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UA pitching coach Nate Yeskie on pandemic professionalism, promising arms and the hidden value of 2020
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UA pitching coach Nate Yeskie on pandemic professionalism, promising arms and the hidden value of 2020

Yeskie discusses Cats’ returnees, new catchers and a freshman pitcher who could be ‘special’

Nate Yeskie talks with the Arizona Wildcats pitchers during practice last January. The Wildcats hold their first practice Friday.

Forgive Arizona pitching coach Nate Yeskie for borrowing a line from Wildcats football coach Jedd Fisch.

It just so happens that one of Fisch’s mantras — “Be a pro” — applies perfectly to the situation Yeskie and his pitchers have dealt with for the past 10-plus months.

The coronavirus pandemic shut down the 2020 UA baseball season after only 15 games. Uncertainty and inactivity soon followed, but they couldn’t endure. The Wildcats — whether pitchers or hitters — had to find ways to be productive away from the ballpark.

“The message that we tried to convey to our guys was, people are going to use this time wisely,” Yeskie said Thursday, one day before Arizona was set to officially begin practice for the ’21 season. “Some will, some won’t. You have to decide which side of that line you want to fall on.

“So the focus was on really trying to put your energy into the things that you can control, because there was so much that was taken away. I can get into better sleep habits. I can watch what I eat. You saw some guys’ bodies change as a result. They were able to really kind of grow and develop. ...

“If you want to be a professional, you can’t wait until you sign that contract. Because the guys that get those opportunities are guys that were acting like professionals and going about things in a professional manner long before.”

No one can question Yeskie’s credentials. He helped Oregon State reach the NCAA Tournament in 10 of 11 seasons, including a College World Series championship in 2018.

UA coach Jay Johnson brought Yeskie to Tucson in July 2019, seeking to upgrade a pitching staff that had held the Wildcats back the previous season.

Although the sample size was small, the results were promising. Arizona’s ERA fell from 6.21 to 3.87. The Wildcats’ WHIP dropped from 1.75 to 1.30. Their K/9 rate climbed from 7.53 to 10.80.

With most of those pitchers back — and some big-time arms added to the mix — the staff should be even better this year. Yeskie is excited about the possibilities — especially after an unexpectedly long and challenging layoff.

Yeskie discussed that trying time and what lies ahead in an interview with the Star. The conversation has been lightly edited for context and clarity.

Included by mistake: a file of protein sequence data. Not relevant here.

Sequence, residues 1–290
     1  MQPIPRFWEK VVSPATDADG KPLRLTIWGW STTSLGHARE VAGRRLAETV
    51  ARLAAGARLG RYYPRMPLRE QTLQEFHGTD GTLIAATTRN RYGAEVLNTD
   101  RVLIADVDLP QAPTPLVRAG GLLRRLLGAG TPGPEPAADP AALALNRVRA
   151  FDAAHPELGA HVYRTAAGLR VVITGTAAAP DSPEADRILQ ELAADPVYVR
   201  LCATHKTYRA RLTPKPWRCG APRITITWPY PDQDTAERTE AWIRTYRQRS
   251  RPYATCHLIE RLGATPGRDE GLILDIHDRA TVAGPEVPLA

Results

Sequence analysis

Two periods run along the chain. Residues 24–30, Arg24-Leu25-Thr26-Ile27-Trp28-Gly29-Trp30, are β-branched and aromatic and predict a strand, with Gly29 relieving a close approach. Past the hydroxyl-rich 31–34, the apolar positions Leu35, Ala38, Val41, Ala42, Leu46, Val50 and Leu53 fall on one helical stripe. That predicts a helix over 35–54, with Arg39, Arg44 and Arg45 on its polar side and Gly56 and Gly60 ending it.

Nobody really knew what to do when the pandemic struck. How did you and Jay formulate a plan for your guys?

A: “The draft was still in limbo. We didn’t know how many rounds (there) were going to be. (With) the guys that you know are going to be back and be a part of it, it’s keeping them focused, keeping them on the straight and narrow, understanding that there’s a lot of miles out ahead of them. It was keeping them engaged.

“There’s the human element too. As crazy as this time has been for a lot of people, it’s been a blessing in disguise for a handful that have been able to spend more time with their family. (Pitcher) Chandler Murphy’s got an older brother that’s in the Air Force. I think there were a couple opportunities that he had a chance to see him.”

You had only 15 games last spring, but it was better than nothing. What were you able to learn about your staff during that period?

A: “It’s always the good and the bad. We went down to San Diego and played a three-game set there. I thought all but about three innings of that weekend we pitched extremely well. (But) those could have all cost you the game.

“I saw some good things from some guys. It was a good-sized sample for the younger guys and the new guys to really recognize where there were — maybe some deficiencies and where they needed to work on their game. It gave us perspective and some foundational pieces to stand on and move forward through fall and transitioning into this spring. You’ve got to be able to do these things, whether it’s control the running game, pitch backwards (using breaking balls to set up fastballs), pitch more off your fastball in the top of the strike zone or in to hitters. Guys were able to find out a little bit more about themselves.